You could however, always split the video and audio into different files, an use jME's existing OGG support if you really had to. I also think there are some use case where you don't sound anyway (like an animated skybox, or an animated planet with cloud layers and such).

The big problem with that is the probability of them getting out of sync is drastically increased. :-p


I assume you're using FOBS. FOBS uses the ffmpeg code for reading files, in a way that's a good thing (ffmpeg is rather optimized for this). The bad side is, I don't think you'll be able to read from inside a jar file like this. You could consider extracting the video files to the temp dir from the jar.

This is cool, any new thoughts on it ??

Well, it's ready for use. If linux(/mac) people tell me what their result are, and send me their properties files I can try and make cross platform use a little easier.

Sorry… I'm not much of a JMF expert at all.

Did you profile to see what takes up the memory?


FWIW, I'm working on a framework for supporting video in jME without the need for additional libraries such as JMF.  Currently it only supports RoQ, but the insides are nice and transparent and completely maintainable by us.  Perhaps we could even merge the two efforts?

I think your solution of using a format that gives you complete control over decoding process is better to be honest. And it's pure Java right? I made this cause there was some discussion on the forum about it, mostly to show it can be done and give others a starting point if they needed.

Maybe after you're done we can see if there's still some benifits to my code. It does handle loads of formats, and it can do webcams, etc. I'm also curious how you support audio (mostly because JFjr leaves some things to be desired in that area). If there is, maybe we can work towards a common interface a la Text/Text3D, but for now I'd just focus on what you are doing yourself. The "interface" I have here is a mix of JMF and kludge,  so you won't need any inspiration from that anyway.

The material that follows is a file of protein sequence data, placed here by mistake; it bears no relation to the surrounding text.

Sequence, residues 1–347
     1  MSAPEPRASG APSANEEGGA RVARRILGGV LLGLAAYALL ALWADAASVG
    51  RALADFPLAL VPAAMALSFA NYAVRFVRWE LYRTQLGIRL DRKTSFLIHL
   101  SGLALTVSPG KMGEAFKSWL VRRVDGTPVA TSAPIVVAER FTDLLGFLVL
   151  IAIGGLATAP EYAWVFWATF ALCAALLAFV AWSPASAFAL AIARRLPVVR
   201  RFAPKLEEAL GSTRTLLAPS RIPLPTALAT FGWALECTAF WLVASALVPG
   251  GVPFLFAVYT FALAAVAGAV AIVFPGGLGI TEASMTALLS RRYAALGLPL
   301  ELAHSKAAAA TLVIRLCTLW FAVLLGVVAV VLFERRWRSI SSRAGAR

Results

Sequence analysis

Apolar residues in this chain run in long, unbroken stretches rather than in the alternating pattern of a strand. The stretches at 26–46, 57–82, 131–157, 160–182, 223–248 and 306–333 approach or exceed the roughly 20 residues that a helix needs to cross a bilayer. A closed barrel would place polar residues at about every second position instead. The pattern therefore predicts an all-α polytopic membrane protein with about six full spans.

I'm S

@llama: Cool, I'll give a heads up as I get further along with things.  I'm still agonizing a bit over audio myself, but the video is running at a nice rate.  If you want a peek, I put a few pics up on my blog a week or two ago of the thing in action.


You can use Yourkit, either the trial or the EAP (early acces).



That's what I use.

Netbeans and Eclipse 3.2 (you have to use the Callisto update site tough) also have built in profilers. (Don't mix Eclipse's profiler and Yourkit though).

Inspired by your post I'll also look at it a bit myself.


Yeah, I already saw the blog pics a while back, it's looking good. I hope I'll finally have some time soon to check in the rectangle texture stuff, that might be useful for your videos too.

Nice! Thanks for the links  :slight_smile:

I can't find any leaks when I use


The only thing left behind is the buffer the video is rendered into, but only as a refernce to a static field. So each time you make a new player it's overwritten.

I did notice however that when you leave a reference to a javax.media.Player it does take up some room (despite the deallocate). So make sure you don't have any references to it. It's in JMFVideoImage, so either change that to null the reference, or make sure you don't have any references to it after you use it.

eg in my local copy I updated the stopMovie method:

synchronized public void stopMovie() {
      try {
         jmfplayer = null;
      } catch (Exception ignored) {

And yes, I'm aware JMFVideoImage isn't very nicely designed. If you made any more changes to it to make it more workable than it currently is (I noticed you added getJMFPlayer()) feel free to post them here.